While I like the news from the previous two companies, I wasn’t thrilled by the news from Becton, Dickinson (BDX). For Q2, the company reported earnings of $2.59 per share, which beat estimates by one penny per share.

Becton, Dickinson lowered its full-year revenue guidance of growth of 8.5% to 9.5% down to 8.0% to 9.0%. The company blamed the negative impact of currency exchange. BDX hasn’t changed its currency-neutral forecast of revenue growth of 4% to 6%. Becton sees full-year earnings ranging from $11.65 to $11.75. The company blames currency exchanges plus “recent regulatory and market pressures related to paclitaxel-coated devices.” The previous range was $12.05 to $12.15 per share.

The shares dropped over 3% at Thursday’s open. Fortunately, the stock didn’t fall as much as I had feared. Nevertheless, I’m lowering my Buy Below on Becton from $260 to $234 per share.

That concludes the first-quarter earnings season for our Buy List stocks. Coming up, we have three Buy List stocks with reporting quarters that ended in April. The three stocks are Hormel Foods (HRL), JM Smucker (SJM) and Ross Stores (ROST). Ross and Hormel are due to report on May 23, while Smucker is due to report on June 6.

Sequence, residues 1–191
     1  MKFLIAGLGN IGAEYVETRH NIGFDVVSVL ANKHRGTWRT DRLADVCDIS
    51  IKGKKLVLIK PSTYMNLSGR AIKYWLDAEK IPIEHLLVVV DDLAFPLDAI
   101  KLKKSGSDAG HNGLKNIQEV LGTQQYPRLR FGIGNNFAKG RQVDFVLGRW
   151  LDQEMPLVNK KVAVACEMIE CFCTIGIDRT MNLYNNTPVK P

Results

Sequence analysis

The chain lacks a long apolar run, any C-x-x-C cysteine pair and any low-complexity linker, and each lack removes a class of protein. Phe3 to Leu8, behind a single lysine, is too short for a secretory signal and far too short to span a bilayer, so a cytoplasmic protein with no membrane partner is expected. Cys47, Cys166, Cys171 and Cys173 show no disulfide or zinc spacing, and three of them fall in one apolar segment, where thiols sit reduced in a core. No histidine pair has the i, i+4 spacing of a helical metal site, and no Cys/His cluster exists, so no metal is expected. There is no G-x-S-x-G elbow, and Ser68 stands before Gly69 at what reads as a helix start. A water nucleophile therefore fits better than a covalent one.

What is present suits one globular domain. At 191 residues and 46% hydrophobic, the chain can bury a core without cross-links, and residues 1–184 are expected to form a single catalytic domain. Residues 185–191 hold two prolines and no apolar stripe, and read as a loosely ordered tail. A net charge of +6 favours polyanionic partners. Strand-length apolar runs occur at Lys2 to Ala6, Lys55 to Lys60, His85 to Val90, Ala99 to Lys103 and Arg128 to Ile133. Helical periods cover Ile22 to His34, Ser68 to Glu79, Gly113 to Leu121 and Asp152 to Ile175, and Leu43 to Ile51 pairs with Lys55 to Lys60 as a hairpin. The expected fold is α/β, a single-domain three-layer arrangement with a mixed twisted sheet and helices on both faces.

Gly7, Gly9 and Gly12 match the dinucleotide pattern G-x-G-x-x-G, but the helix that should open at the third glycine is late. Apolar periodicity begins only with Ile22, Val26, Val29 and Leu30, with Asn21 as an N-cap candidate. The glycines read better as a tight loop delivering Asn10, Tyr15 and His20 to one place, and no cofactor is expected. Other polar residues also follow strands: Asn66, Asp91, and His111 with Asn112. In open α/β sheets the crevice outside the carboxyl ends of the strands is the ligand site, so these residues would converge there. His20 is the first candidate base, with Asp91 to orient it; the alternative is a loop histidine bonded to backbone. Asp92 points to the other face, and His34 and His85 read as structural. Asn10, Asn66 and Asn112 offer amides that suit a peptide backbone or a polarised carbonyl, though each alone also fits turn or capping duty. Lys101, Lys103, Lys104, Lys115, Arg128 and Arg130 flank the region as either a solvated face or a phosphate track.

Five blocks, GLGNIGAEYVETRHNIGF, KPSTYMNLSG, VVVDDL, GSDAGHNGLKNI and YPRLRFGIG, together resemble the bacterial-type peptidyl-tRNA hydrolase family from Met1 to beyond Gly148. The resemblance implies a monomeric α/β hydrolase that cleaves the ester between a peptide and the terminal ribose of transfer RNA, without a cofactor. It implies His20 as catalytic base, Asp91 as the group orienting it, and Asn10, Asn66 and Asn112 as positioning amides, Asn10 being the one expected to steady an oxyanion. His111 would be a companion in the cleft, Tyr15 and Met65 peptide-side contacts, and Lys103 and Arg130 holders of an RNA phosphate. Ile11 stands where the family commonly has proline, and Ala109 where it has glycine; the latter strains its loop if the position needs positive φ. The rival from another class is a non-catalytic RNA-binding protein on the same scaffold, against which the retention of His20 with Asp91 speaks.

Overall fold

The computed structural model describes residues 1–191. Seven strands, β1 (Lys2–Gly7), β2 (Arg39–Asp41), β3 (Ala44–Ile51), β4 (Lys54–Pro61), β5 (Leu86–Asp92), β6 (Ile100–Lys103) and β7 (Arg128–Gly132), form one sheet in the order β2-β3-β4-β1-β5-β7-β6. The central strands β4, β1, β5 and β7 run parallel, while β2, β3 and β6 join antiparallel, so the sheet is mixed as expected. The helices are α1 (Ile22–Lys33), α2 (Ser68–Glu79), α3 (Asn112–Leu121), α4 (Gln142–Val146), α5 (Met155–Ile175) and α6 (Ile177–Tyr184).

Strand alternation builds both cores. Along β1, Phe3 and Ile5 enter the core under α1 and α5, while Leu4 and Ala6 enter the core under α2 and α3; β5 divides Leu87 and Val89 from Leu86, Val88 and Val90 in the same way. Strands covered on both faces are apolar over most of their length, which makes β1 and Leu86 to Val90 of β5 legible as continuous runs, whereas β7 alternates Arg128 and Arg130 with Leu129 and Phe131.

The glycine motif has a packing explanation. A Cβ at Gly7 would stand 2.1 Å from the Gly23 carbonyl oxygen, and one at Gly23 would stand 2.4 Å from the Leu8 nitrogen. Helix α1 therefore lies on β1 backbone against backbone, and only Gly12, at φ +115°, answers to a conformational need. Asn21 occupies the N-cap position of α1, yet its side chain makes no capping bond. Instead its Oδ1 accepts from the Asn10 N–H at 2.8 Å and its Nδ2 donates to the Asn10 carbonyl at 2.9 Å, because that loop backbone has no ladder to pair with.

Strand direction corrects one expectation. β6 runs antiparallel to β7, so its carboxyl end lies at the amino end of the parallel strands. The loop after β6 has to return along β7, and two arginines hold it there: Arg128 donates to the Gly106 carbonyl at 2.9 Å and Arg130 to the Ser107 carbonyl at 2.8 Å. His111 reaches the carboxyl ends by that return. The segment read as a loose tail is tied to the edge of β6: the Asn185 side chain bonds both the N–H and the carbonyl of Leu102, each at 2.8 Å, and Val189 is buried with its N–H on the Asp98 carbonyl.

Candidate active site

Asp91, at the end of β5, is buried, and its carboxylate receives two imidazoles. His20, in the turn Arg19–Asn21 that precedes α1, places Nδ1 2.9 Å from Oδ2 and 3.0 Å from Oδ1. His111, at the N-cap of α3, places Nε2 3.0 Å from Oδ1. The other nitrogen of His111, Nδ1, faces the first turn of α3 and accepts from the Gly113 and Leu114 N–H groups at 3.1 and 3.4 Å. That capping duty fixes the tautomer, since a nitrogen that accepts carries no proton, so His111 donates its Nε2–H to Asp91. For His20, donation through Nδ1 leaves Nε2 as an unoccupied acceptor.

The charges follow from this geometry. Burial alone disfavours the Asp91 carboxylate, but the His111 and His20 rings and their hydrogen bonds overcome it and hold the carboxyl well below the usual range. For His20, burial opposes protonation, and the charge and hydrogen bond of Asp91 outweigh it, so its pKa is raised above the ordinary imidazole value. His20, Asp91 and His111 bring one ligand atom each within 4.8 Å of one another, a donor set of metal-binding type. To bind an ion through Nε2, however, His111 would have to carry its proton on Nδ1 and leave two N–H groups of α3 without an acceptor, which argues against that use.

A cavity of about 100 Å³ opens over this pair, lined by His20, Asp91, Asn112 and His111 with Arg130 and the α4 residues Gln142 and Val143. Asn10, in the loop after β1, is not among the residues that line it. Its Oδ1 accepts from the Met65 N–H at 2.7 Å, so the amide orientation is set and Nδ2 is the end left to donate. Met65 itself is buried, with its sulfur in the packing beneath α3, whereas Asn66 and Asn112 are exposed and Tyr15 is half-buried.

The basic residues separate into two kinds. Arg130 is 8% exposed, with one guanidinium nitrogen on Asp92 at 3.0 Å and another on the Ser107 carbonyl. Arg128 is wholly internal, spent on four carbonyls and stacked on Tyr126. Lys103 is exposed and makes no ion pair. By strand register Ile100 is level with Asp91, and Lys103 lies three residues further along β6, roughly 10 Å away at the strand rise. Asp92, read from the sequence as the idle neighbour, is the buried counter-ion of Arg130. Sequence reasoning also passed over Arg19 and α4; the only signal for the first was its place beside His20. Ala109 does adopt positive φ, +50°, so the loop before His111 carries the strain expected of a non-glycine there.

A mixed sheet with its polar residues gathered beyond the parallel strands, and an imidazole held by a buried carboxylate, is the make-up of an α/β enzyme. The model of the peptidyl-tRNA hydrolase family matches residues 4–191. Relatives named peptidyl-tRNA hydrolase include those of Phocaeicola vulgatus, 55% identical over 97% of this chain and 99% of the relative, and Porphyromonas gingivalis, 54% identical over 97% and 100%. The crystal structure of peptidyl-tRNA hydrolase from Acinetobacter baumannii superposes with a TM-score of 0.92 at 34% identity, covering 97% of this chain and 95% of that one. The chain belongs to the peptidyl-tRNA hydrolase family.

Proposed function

That’s all for now. I expect to see more volatility in the market next week. We’re going to get a few key economic reports. On Wednesday, the retail-sales report for April is released. This will be one of our first data points to see how well Q2 is looking. Also on Wednesday, we’ll also see the report on industrial production. On Thursday, we’ll get the housing-starts report, plus another jobless-claims report. Be sure to keep checking the blog for daily updates. I’ll have more market analysis for you in the next issue of CWS Market Review!

– Eddy